# American Institute of Mathematical Sciences

August  2017, 11(3): 567-594. doi: 10.3934/amc.2017044

## Network encoding complexity: Exact values, bounds, and inequalities

 1 Department of Electrical and Computer Engineering, Texas A & M University, College Station, TX 77843, USA 2 Department of Mathematics, Zhengzhou University, Zhengzhou, Henan 450001, China 3 Department of Mathematics, University of Hong Kong, Pokfulam Road, Hong Kong, China

Results of this paper have been partially presented in the 49th Allerton Conference on Communication, Control and Computing [15], and the 2012 International Symposium on Information Theory and its Applications [14]

Received  November 2015 Revised  September 2016 Published  August 2017

Fund Project: The last author would like to thank the support from the University Grants Committee of the Hong Kong Special Administrative Region, China under grant No. AoE/E-02/08 and the support from Research Grants Council of the Hong Kong Special Administrative Region, China under grant No. 17301814.

For an acyclic directed network with multiple pairs of sources and sinks and a set of Menger's paths connecting each pair of source and sink, it is known that the number of mergings among these Menger's paths is closely related to network encoding complexity. In this paper, we focus on networks with two pairs of sources and sinks and we derive bounds on and exact values of two functions relevant to encoding complexity for such networks.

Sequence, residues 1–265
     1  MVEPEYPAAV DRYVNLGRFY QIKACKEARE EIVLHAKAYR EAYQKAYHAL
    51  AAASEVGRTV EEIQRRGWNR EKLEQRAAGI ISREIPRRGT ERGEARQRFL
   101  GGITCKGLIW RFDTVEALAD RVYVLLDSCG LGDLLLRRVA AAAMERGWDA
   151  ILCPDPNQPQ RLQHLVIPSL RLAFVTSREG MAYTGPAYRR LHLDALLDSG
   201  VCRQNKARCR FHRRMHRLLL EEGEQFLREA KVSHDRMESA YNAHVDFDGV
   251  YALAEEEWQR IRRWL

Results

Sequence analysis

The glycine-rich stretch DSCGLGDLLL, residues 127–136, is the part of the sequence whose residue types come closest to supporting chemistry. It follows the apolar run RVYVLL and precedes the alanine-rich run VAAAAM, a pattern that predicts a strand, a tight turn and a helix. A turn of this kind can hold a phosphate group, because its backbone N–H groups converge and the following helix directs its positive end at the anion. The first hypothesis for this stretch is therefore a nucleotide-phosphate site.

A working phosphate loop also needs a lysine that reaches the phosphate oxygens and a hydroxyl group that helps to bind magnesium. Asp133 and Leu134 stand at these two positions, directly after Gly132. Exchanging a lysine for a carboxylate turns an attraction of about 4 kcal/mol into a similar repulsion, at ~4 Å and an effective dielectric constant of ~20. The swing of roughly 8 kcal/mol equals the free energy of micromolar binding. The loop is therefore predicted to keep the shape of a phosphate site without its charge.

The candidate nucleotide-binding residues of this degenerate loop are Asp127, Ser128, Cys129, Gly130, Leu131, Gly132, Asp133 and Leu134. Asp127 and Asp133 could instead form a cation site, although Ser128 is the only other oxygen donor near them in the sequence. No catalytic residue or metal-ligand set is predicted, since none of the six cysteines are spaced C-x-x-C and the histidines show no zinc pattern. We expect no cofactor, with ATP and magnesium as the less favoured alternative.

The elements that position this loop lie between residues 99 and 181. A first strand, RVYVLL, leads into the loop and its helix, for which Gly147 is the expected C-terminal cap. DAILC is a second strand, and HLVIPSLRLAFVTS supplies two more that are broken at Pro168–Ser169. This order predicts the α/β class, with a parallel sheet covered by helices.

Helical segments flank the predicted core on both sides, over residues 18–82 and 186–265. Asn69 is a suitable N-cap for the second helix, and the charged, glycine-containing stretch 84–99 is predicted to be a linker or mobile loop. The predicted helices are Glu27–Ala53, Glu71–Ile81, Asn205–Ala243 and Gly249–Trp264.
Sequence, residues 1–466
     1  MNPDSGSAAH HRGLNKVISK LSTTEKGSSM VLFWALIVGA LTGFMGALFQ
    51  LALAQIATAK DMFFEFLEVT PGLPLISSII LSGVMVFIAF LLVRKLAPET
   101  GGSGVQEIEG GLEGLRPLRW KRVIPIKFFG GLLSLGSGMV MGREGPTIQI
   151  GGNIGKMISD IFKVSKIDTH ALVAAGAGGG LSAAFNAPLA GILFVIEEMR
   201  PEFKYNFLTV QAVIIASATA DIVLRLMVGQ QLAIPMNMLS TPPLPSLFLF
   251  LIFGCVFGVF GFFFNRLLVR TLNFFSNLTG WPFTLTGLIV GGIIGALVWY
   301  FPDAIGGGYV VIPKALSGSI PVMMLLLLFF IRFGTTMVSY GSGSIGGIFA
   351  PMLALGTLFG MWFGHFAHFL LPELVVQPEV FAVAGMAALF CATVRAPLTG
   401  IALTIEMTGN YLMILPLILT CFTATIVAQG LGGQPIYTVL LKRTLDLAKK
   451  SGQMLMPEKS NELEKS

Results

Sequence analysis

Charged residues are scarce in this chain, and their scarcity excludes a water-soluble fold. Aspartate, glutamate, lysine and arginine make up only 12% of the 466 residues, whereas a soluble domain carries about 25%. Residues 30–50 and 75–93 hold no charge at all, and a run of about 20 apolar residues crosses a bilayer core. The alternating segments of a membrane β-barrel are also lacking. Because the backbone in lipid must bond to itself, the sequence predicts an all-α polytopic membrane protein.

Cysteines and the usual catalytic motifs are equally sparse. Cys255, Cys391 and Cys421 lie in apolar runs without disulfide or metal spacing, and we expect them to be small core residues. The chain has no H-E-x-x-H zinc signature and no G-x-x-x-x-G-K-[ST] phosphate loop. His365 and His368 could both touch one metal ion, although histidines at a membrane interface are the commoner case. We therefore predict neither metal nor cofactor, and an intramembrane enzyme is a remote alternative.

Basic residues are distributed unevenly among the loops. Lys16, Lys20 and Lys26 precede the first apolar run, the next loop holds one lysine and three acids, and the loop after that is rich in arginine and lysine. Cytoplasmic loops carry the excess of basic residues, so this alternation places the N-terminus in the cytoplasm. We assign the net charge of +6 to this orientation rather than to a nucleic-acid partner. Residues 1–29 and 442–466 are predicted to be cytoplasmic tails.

Citation: Easton Li Xu, Weiping Shang, Guangyue Han. Network encoding complexity: Exact values, bounds, and inequalities. Advances in Mathematics of Communications, 2017, 11 (3) : 567-594. doi: 10.3934/amc.2017044
##### References:

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##### References:
Paths $\beta_1, \beta_2$ merge at edge $A \to B$ and at merged subpath (or merging) $A \to B \to C \to D$, and paths $\beta_1, \beta_2, \beta_3$ merge at edge $B \to C$ and at merged subpath (or merging) $B\to C$ (Here, arrows in the figure represents edges, and the terminal points of arrows should be naturally interpreted as vertices; the same convention applies to other figures in this paper)
(a) Network coding in the butterfly network (b) Network coding in a two-way channel (c) Network coding in two sessions of unicast
An example of a reroutable graph
Two examples of merging sequences (as in Remark 3.3, all the mergings in this figure are represented by solid dots instead)
Two examples of alternating sequences
(a) A non-reroutable (2, 3)-graph with 8 mergings (b) An example of a (2, 5)-graph
Graph $\mathcal{E}(4, 4)$ with $9$ mergings
(a) Graph $\mathcal{F}(3, 3)$ with $11$ mergings (b) Splitting of $R_1$ in $\mathcal{F}(3, 3)$
Concatenation of $\mathcal{F}(2, 2)$ and a non-reroutable $(2, 2)$-graph
Partition a $(3, c_2)$-graph into blocks
Case 1
Case 2
Concatenation of two (3, 3)-graphs
Concatenation of a (2, 2)-graph and a (4, 4)-graph
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